Nick Townsend: All the rage as a player but can Keane cut it as boss?

Maybe his journey will take him back to Ireland if that nation fails to qualify for the World Cup. What an irony that would be...
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The Irish midfielder has always relished an existence close to the edge. Provocative in his views and actions, he has always been a potentially combustible mixture: both leader and antagoniser. If his statement eluded the United radar, they have refused to respond with a counter-strike. Thus far, we understand that the captain of United, who formerly also held that responsibility for his country before availing Mick McCarthy of certain of his beliefs - namely, "I didn't rate you as a player; I don't rate you as a manager; I don't rate you as a person" - has been accorded no immediate response from his club.

Nevertheless, United will no doubt take the opportunity before the next transfer window of identifying possible replacements for Keane, who, whether he departs within the next 12 months or remains at Old Trafford to make the transition to coach, is approaching the midwinter of a career following a glorious summer. Bayern Munich's charismatic playmaker Michael Ballack, a leader like Keane and captain of club and country, is an obvious choice for Sir Alex Ferguson, particularly as his contract expires after next year's World Cup. Keane is said to have been frustrated that the club had not moved in ahead of Chelsea for the powerful Michael Essien.

If not Ballack, what of the Dane Thomas Gravesen, late of Everton, but currently of Real Madrid, a doughty tackler and inspired passer? He and Ballack are 29. Two years younger is Fulham's daddy-longlegs, Papa Diop, blessed with a dynamic shot from distance and a huge desire to get forward. None are exactly in the Irishman's mould, but as Carlos Queiroz, Ferguson's assistant, has observed, Keane is irreplaceable. "You can't replace the great players: Pele, Maradona, Eusebio - or Roy Keane. You have to create new players and new teams." Just as Arsène Wenger must restructure an Arsenal denuded of Patrick Vieira's potent influence, the loss transcends mere playing ability.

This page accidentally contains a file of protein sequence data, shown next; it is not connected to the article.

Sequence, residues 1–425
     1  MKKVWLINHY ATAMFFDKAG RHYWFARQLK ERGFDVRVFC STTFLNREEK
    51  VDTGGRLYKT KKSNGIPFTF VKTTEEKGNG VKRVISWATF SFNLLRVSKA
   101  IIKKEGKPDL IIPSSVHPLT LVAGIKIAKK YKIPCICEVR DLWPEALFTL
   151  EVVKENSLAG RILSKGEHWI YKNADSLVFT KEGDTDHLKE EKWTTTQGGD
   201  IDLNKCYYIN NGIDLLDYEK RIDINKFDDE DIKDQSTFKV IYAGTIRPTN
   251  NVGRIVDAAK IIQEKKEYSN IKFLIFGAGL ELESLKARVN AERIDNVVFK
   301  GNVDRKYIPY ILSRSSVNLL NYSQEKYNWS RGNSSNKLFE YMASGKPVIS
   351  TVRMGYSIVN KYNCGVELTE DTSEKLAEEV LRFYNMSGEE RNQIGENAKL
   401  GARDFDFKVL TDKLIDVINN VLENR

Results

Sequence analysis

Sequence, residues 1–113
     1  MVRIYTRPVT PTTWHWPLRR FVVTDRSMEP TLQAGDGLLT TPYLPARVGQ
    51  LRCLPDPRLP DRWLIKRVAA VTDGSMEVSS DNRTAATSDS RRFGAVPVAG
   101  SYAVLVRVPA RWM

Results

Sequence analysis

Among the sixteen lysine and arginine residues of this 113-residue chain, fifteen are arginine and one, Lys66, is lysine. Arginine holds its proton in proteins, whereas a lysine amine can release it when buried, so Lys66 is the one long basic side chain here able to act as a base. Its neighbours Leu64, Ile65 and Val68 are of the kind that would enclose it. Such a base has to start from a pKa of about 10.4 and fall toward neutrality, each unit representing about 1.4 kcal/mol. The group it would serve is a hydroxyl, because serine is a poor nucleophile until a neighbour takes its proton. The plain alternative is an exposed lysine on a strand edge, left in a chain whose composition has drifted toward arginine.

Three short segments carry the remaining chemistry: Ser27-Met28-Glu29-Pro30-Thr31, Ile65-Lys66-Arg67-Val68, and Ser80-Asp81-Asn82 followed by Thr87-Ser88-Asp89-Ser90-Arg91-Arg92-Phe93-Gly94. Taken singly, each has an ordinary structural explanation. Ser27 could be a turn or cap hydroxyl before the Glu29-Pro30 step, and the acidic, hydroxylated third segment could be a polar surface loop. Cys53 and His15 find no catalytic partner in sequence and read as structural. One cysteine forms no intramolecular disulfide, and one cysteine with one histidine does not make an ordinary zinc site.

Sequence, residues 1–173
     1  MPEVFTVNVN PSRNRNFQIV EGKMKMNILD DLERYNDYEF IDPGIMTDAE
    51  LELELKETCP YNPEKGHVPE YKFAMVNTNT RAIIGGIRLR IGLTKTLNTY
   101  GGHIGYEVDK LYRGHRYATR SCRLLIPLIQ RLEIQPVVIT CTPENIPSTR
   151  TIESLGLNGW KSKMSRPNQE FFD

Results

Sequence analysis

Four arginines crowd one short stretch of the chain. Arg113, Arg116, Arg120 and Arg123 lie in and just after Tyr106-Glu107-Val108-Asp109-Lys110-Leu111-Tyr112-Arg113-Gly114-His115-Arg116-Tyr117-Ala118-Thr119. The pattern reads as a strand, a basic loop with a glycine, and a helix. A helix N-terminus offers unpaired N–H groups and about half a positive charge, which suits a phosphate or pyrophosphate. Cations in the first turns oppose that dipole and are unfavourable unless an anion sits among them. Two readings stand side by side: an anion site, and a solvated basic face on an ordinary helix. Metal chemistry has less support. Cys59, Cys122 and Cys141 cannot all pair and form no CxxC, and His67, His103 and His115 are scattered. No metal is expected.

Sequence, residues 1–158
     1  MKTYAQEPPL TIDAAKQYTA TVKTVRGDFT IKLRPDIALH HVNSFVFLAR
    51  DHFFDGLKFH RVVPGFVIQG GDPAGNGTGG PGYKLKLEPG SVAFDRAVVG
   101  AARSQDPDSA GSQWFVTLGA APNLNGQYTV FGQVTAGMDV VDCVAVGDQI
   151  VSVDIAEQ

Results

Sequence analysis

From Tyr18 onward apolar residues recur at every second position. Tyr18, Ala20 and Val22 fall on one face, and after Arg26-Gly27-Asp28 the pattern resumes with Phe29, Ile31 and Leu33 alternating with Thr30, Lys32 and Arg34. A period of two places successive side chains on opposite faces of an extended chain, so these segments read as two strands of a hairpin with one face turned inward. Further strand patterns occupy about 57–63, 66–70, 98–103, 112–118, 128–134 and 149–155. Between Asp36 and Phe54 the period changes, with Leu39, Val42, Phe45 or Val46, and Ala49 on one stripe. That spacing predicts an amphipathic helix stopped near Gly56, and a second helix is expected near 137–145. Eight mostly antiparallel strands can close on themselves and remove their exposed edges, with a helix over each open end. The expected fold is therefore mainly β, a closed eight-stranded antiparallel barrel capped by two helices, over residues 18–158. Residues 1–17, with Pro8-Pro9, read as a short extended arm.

Why should Keane depart? He is comfortably domiciled in Hale, where his children are educated. He is extraordinarily well-paid. Indeed, he brought a similar issue to a head six years ago with TV comments that he might play for another club; an £80,000-a-week agreement with United was completed.

It could be contended that this time he really does want to abandon the nest-egg, especially as he suspects Ferguson is grooming Queiroz as his successor. There is an argument that to be so inextricably linked with one club and one manager - never mind the three seasons with Nottingham Forest in the early Nineties under Brian Clough - can limit your job-seeker potential; even a candidate with as impressive a CV as Keane.

He has certainly dismissed playing for another English club. It is not inconceivable but difficult to imagine him managing one. Celtic would enthuse him, if the opportunity arose, but would they yield the challenge he would undoubtedly crave? Perhaps in the short term. That club have now stabilised under Gordon Strachan, but they could still beckon, offering Keane a player-manager role.

Or maybe his journey will take him back to Ireland if, as anticipated, that nation fails to qualify for the World Cup. What an irony that would be... "Nobody would play for me, but we'd have great facilities," Keane had jested back in 2002 when it was suggested to him, during that McCarthy contretemps over poor preparations, that he could be a Republic player-manager of the future.

Former team-mates such as Mark Hughes have immediately been proclaiming Keane's managerial potential, although he wouldn't be the last on-field general to fail once transported to that curious, often lonely, land of tracksuit, cones and tactic sheets. Bobby Moore, no less, was one.

Respect from players would be a crucial advantage, though both Wenger and Jose Mourinho, neither of them top- quality players, have proven that it is no longer necessary to display "yer medals" in order to galvanise a group of players. His inherent passion would be another virtue. But exhorting and at times raging at his team-mates as captain is one thing; possessing the temperament of guv'nor to motivate those who maybe do not possess his instinctive desire to be a winner, that is quite another.

Still, when the day comes it will be fascinating to discover if Keano can cut it.